We wandered through the streets on the Serbian side of town, and he
told me that the thing he didn't understand was why the world was
treating the Serbs so badly; there was good and evil on both sides. But
as we walked, every third or fourth house we passed had been torched
and looted by Serbs before NATO came into Kosovo a year earlier. "I
mean, I understand," he said at the sight of the wreckage and fell silent.

The next day the bridgekeeper was in the Dolce Vita, and he told me he
had been up all night drinking and singing Serbian nationalist songs. He
was pale and sweating, and his voice was raw. Outside, there were a few
people sitting on the park benches that had been arranged along the Ibar,
next to freshly planted flower beds, stage props installed by the U.N. to
create the semblance of normal life. The elderly Serbian men and women
on the benches sat with their backs turned to the river and the Albanian
side of town.

In "The Three-Arched Bridge," the Albanian novelist Ismail Kadare's tale
of the arrival of Islam in the Balkans in the 14th century, the central
metaphor is a bridge spanning fate and fable and the fear of the unknown.
Now, in Mitrovica, the idea of the outsider has been reduced to hatred
and revenge and a river with a divide both narrow and vast. Inside the
Dolce Vita, the bridgekeeper leaned forward and whispered that he had
found a way out of the city. Trapped in his own skin, in the middle of a
war that has continued in spirit and spite even as it was supposed to have
ended, he told me a fantastic tale of an important mission and a
rendezvous with a secret service agent of a foreign country. He was
going to be spirited off to another land, he said, far, far away.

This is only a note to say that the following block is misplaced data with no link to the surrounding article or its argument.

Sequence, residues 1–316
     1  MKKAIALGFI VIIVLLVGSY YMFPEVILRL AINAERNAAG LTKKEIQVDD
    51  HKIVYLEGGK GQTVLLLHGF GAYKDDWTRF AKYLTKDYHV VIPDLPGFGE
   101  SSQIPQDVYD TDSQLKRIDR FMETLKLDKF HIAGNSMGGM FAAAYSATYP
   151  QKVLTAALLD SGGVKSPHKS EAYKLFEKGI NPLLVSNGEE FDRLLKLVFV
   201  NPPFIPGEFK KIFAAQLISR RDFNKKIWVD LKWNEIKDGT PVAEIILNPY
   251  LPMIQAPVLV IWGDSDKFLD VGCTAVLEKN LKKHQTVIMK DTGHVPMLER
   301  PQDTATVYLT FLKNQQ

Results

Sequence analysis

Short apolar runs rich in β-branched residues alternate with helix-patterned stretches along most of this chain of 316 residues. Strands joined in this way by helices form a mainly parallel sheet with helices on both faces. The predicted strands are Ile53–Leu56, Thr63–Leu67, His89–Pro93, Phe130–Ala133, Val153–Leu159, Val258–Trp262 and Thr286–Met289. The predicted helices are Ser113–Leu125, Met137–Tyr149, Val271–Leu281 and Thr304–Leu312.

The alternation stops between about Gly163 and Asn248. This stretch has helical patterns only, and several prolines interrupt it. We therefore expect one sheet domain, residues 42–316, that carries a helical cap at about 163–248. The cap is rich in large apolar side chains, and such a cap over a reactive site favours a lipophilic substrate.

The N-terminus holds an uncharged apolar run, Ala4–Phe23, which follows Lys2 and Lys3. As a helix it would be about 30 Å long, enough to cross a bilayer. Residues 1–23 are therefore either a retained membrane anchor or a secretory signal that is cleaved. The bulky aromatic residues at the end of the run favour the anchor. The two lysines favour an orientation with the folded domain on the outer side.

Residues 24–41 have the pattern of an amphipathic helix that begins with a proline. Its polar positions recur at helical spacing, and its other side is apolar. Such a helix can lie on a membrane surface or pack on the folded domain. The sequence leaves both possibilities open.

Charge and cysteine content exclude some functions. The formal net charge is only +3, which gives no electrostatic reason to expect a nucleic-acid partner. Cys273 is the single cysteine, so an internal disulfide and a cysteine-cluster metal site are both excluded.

"They're going to give me a new identity," he said, and he smiled a
half-crazy, drunken smile.


Blic, Belgrade, Yugoslavia
August 23, 2000

Unknown attackers empty whole magazine at Nedeljkovic minors

Serb children again targeted

PRISTINA - Unknown attackers opened fire two nights ago at 7:30 p.m. at Serb children in the village of Staro Gracko near Lipljan. After the bomb attack in Crkvene Vodice, this is the second attack on
Serb children in Kosovo.

An unknown attacker fired a shot from a pistol at three children in the yard of the Nedeljkovic family in Starko Gracko. The bullet missed Milos Nedeljkovic (16) who was in the yard with his sisters, ages 4
and 17 years. After emptying a whole magazine of ammunition from the moving vehicle, a red “Opel Ascona”, the terrorists fled toward the Albanian village of Veliki Alas.

After the incident one UN policeman accompanied by three Kosovo policemen appeared on the scene from where they headed in a search toward Alas. UNMIK folice failed to provide details yesterday
regarding this attack.

The Yugoslav Center for the Rights of the Child expressed its deep concern because 14 months after the deployment of KFOR and UNMIK in Kosovo, the most elementary security of the non-Albanian
population has not been ensured, it said in its protest addressed today to the international mission in the Province.

“The most recent in a series of events, when a bomb explosion in the village of Crkvena Vodica near Obilic caused serious and light injuries to fifteen children of Serb nationality while they were playing,
confirms that essential measures for the protection of the lives of the residents and the children were not taken,” it is said in the statement.

E.B.

Translated by S. Lazovic (August 22, 2000